Wallraf-Richartz-Museum & Fondation Corboud


Jean Honoré Fragonard and Marguerite Gérard
The Angora Cat,
c. 1783

On the eve of the French Revolution, the fashionable world was getting used to the idea that courtly ceremonial would be giving way to a more modest, bourgeois lifestyle. In art, this found its expression in a new predilection for genre scenes, simple costumes and hair worn loose. It was no longer the classicism of Rome, but undramatic art in the style of the Netherlands that was in demand. This painting reflects the new spirit. It shows a young, fashionably dressed woman in Dutch-looking surroundings. The carpet on the table, the painting in the background and the elderly servant are typical of works that we would normally assign to the seventeenth century. But the grace of the leading lady quickly puts the picture in its place: at the heart of the Rococo era.

In the centre of the painting is a curious scene: evidently a black cloth has just been taken off the silver globe. An Angora cat has discovered her reflection and may have decided it is a rival. The globe also reflects what is going on behind us, so to speak: a woman is sitting at an easel in a small room with two other people.

Let us consider a few other details. The painting on the wall is in the style of the artist Paulus Potter (1625 – 1654), who was much admired at this time. The carpet dates from the late seventeenth or early eighteenth century, and the dress is a variation on the ‘robe à l’Anglaise’, which with its puffed sleeves was by this date mostly worn only on the stage.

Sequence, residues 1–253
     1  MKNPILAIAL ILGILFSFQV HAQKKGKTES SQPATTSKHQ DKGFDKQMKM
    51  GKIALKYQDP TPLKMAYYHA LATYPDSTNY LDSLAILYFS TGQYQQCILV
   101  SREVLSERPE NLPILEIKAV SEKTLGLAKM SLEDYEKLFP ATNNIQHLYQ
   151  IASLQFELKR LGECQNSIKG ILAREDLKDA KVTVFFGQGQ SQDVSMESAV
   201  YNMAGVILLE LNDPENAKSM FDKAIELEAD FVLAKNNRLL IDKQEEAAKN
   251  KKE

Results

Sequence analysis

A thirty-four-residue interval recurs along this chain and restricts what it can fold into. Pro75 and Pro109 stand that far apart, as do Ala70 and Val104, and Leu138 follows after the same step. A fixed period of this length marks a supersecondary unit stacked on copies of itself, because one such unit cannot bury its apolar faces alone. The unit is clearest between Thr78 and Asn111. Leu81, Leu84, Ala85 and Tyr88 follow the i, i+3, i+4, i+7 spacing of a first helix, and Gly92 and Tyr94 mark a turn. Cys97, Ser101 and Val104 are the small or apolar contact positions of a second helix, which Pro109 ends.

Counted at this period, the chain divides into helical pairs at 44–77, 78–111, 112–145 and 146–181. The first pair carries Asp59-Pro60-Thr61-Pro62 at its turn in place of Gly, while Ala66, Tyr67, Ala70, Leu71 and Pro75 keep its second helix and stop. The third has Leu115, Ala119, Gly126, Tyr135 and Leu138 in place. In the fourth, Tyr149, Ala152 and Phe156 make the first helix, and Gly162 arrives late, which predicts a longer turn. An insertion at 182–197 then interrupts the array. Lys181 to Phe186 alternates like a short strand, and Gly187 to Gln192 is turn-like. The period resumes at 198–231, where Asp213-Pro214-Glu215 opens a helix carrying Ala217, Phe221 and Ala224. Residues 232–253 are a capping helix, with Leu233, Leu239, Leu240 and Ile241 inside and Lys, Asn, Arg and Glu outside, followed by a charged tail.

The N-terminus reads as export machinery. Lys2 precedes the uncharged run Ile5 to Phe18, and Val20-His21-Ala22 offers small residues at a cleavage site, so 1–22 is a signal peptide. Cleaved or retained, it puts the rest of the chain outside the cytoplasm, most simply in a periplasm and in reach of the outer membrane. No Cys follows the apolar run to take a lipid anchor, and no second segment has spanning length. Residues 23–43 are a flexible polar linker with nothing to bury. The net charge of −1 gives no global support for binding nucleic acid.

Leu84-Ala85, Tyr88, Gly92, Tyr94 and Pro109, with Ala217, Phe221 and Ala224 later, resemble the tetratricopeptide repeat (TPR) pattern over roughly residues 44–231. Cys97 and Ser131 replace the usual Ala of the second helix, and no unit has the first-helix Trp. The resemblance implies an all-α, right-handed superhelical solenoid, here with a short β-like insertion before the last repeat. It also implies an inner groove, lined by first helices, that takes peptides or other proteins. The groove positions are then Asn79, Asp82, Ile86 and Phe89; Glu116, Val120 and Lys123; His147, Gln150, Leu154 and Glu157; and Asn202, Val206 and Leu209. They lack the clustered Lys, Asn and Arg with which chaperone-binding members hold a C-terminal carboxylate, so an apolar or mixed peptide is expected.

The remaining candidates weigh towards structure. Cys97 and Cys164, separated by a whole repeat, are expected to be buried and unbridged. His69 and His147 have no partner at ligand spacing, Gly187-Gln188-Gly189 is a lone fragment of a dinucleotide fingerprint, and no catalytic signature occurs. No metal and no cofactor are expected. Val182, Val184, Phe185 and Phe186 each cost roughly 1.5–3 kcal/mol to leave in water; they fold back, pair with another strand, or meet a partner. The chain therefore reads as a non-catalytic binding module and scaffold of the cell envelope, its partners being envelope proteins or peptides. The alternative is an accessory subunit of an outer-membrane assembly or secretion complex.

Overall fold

Marguerite Gérard and Jean-Honoré Fragonard worked so closely together – sharing a studio in the Louvre – that the paintings of the one are occasionally attributed to the other. For a long time Gérard, who was Fragonard’s sister-in-law and pupil, was thought to be the sole painter of this work, but it is now considered to be a joint production by both artists.

Jean Honoré Fragonard (Grasse 1732 – 1806 Paris) and Marguerite Gérard (Grasse 1761 – 1837 Paris): The Angora Cat, c. 1783 – 85, oil on canvas, 65 x 53.5 cm. Acquired in 2011 as a gift from the city of Cologne to mark the Museum’s sesquicentennial. Inv. no. WRM 3652. Photo: Rheinisches Bildarchiv

Jean Honoré Fragonard
Grasse 1732 – 1806 Paris

Marguerite Gérard
Grasse 1761 – 1837 Paris

The Angora Cat
c. 1783, Oil on canvas, 65 x 53.5 cm
Acquired in 2011 as a gift from the city of Cologne to mark the Museum’s sesquicentennial
Inv. no. WRM 3652
Photo: Rheinisches Bildarchiv Köln